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  • Mary Ann Rhodes Swartzendruber (1870 - 1937)
    Swartzendruber.-Mary Ann, daughter of Jacob and Polly Rhodes, was born in Johnson Co., Iowa, Oct. 31, 1870; died Jan. 5, 1937; aged 66 y. 2 m. 5 d. She accepted Christ as her Savior in her girlhood and...

In how many states do you have pioneer ancestors? This is the portal for Geni's U.S. state pioneer projects.

Do not add profiles to this project. Add relevant profiles to related projects.

The most common definition of pioneer is someone who lived in a state before statehood. However, several states have unique circumstances that has led to some other definition, such as someone who lived there before the coming of the railroad.

The definitions used for Geni's pioneer projects do not always match the definitions used by local lineage societies.

To find contact information for local First Family and Pioneer lineage societies, see First Families & Pioneers at Cyndi's List.

Do not add profiles to this project. Add them to the relevant state project.

Alabama, admitted December 14, 1819

Alaska, admitted January 3, 1959

Arizona, admitted February 14, 1912

Arkansas, admitted June 15, 1836

California, admitted September 9, 1850

Pioneers of California. Pioneers are defined as those who arrived before the completion of the Transcontinental Railroad in 1869.

Colorado, admitted August 1, 1876

Colorado Pioneers. Pioneers are defined as those who arrived before statehood in 1876.

Connecticut, admitted January 9, 1788

Delaware, admitted December 7, 1787

Florida, admitted March 3, 1845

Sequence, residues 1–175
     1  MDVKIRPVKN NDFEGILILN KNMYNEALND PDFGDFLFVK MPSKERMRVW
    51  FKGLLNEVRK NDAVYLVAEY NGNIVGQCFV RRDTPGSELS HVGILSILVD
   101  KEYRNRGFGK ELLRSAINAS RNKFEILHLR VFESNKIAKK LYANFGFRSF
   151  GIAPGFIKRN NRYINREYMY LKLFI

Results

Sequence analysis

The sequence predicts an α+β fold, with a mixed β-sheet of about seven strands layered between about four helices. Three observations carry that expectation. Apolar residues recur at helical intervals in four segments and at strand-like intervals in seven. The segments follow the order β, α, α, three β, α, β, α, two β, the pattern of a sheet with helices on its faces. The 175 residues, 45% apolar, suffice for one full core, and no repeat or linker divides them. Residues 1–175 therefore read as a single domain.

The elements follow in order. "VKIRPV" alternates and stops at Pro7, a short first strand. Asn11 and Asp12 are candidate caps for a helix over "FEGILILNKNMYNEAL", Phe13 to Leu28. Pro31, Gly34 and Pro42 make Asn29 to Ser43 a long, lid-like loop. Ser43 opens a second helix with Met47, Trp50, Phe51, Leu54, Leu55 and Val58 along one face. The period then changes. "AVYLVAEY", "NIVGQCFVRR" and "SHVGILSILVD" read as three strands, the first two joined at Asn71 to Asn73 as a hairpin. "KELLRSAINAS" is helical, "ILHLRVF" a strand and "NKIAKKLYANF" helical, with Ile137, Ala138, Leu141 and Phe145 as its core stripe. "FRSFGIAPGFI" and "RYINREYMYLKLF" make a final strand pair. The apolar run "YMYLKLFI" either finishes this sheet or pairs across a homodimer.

Georgia, admitted January 2, 1788

Hawaii, admitted August 21, 1959

Idaho, admitted July 3, 1890

Idaho Pioneers. Pioneers are defined as those who arrived before statehood in 1890.

Illinois, admitted December 3, 1818

Indiana, admitted December 11, 1816

Iowa, admitted December 28, 1846

Kansas, admitted January 29, 1861

Kentucky, admitted June 1, 1792

Louisiana, admitted April 30, 1812

Maine, admitted March 15, 1820

Maryland, admitted April 28, 1788

Massachusetts, admitted February 6, 1788

Michigan, admitted January 26, 1837

Minnesota, admitted May 11, 1858

Mississippi, admitted December 10, 1817

Missouri, admitted August 10, 1821

Montana, admitted November 8, 1889

Nebraska, admitted March 1, 1867

Nevada, admitted October 31, 1864

New Hampshire, admitted June 21, 1788

New Jersey, admitted December 18, 1787

New Mexico, admitted January 6, 1912

New York, admitted July 26, 1788

North Carolina, admitted November 21, 1789

North Dakota, admitted November 2, 1889

Ohio, admitted March 1, 1803

Pioneers of the Northwest Territory. Pioneers are defined as those who arrived before statehood in 1803.

Oklahoma, admitted November 16, 1907

Oregon, admitted February 14, 1859

Oregon Pioneers. Pioneers are defined as those who arrived before the arrival of the railroad in 1872.

Pennsylvania, admitted December 12, 1787

Rhode Island, admitted May 19, 1790

South Carolina, admitted May 23, 1788

South Dakota, admitted November 2, 1889

Tennessee, admitted June 1, 1796

Pioneers of the Old Southwest Territory. Pioneers are defined as those who arrived before statehood in 1796.

Texas, admitted December 29, 1845

Utah, admitted January 4, 1896

Mormon Pioneers (1847-1868) Master Project. Pioneers are defined as those who arrived before the completion of the transcontinental railroad in 1869.

Vermont, admitted March 4, 1791

Virginia, admitted June 25, 1788

Washington, admitted November 11, 1889

Washington Pioneers. Pioneers are defined as those who arrived before statehood in 1889.

West Virginia, admitted June 20, 1863

Wisconsin, admitted May 29, 1848

Settlers of Wisconsin. Pioneers are defined as those who arrived before statehood in 1848.

Wyoming, admitted July 10, 1890

Wyoming Pioneers. Pioneers are defined as those who arrived before statehood in 1890.